Wednesday was our last day in Brenu because of the surprise. In the morning we begun packing for our trip and had one of our favourite breakfasts, eggy bread. We then set about practising for our performance to the teachers and elders at the project handover ceremony. We had decided the evening before to sing Proud Mary and I’m Yours by Jason Mraz and do the dance we learnt on the beach, demonstrating our appreciation and that was an important part of our stay, even though, unlike the Ghanaians most of us don’t have a natural rhythm so the dance wasn’t graceful but still fun and interesting. Dan played the music for I’m Yours on his guitar adding a sweet sound to our even sweeter singing. Hannah and him then handed over their guitars to the school for use there. Dan’s buddy Dan Taylor had already displayed talent at playing so we knew the guitars would be put to good use. With our audience of teachers and elders we set off to view the chicken coup where we grouped together inside to take a photograph of our hard work. As well as impersonating the chickens. We then continued down to the playground in the village where we experienced our hard labour and took photographs which included Lexa, Becca and Dan hanging off the monkey bars like true monkeys. We then took our last drink at Aggies. Enjoying the spectacular view of the sea, beach and palm trees. The waves of the Atlantic ocean were vast, crashing far greater than those we see in England. Small Ghanaian children climbed the giant palm trees to get coconuts. Although this caused Sarah to shout “Risk Assessment”, the taste and experience was not one to miss. Taking one last look at the ocean we made what now seemed to be a short, cool walk up to the school. One thing we have found while being in Ghana as an “obruni” was the way in which the young children would smile when waved back, as If they had a precious secret which they would keep carefully in their hearts. That evening we had a massive dinner buffet for us and our buddies. As usual the cooks. Gloria and Bernice produced spectacular rice, vegstew and red red, a slightly spicey red sauce with beans. Of course everyone had two portions. Most of us stayed up late as not to miss any time with the Ghanaians. The sound of the drums and the very different sound of their singing resonated loudly throughout the school over the bonfire. The heat of the bonfire countered the cool of the rain and everyone danced, chatted and took photographs. The Ghanaians taught the group a lengthy but enjoyable clapping game, at age 17. We sat around for an hour finding out who took the toffee from the teachers table. Really making the day worth every second, enjoying our last hour with our new friends. Although our last nights were cloudy, we couldn’t see most of the stars, the huge moon reflected so much light as our head torches rendered basically pointless. The first few nights clear skies really emphasised how much light pollution does to the stars back home. To say the clear night sky was awe inspiring is an understatement. The sheer number of stars and new constellations surprised us all. Dan and Fred told us about Beetle Juice, the star that will explode in the next hundred years.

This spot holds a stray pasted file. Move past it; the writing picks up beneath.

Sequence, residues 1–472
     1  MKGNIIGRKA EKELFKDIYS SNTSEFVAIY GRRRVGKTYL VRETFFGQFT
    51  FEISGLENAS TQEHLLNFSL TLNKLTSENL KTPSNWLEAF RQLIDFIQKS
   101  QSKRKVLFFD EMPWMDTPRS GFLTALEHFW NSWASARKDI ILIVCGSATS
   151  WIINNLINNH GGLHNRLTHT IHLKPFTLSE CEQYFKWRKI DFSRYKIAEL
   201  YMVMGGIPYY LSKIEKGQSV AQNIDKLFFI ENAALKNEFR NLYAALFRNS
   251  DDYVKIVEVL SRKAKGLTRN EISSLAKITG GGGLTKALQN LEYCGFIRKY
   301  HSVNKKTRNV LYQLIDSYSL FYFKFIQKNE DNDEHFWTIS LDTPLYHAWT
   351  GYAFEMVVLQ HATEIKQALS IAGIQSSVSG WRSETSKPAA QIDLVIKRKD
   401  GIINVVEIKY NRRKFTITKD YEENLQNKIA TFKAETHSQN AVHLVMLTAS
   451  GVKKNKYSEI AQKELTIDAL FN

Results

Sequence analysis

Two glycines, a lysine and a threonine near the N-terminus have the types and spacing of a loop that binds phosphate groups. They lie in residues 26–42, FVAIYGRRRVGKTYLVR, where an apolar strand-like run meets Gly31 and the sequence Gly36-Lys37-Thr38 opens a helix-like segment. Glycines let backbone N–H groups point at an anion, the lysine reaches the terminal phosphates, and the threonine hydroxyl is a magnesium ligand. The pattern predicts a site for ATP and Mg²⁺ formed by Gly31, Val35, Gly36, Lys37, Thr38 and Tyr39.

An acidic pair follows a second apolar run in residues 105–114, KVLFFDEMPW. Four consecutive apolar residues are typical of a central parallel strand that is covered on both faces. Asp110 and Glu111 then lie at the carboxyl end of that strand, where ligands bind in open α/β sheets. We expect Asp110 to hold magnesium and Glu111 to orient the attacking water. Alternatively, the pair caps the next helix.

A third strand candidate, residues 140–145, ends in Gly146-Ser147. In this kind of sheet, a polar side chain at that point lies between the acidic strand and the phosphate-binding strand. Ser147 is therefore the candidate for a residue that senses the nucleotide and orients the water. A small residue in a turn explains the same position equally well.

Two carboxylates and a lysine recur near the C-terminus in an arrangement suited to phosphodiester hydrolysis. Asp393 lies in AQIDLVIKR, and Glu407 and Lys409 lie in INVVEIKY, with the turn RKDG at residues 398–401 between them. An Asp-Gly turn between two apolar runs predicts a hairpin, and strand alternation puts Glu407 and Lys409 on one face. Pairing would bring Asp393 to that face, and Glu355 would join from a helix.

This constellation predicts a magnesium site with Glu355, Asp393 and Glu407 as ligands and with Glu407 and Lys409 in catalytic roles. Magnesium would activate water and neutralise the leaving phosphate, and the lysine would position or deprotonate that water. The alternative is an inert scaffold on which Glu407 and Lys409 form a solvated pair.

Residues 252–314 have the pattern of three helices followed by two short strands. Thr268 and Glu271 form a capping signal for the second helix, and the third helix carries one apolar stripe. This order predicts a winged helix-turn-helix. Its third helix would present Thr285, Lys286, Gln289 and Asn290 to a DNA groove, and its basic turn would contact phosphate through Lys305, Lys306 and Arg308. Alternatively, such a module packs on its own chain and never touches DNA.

Funny fact of the day – During a conversation about the amount of “swagger” Ghanaians seem to have, Emily stated she “cant swag for toffee” prompting a hilarious demonstration (we can confirm she definitely cant swag).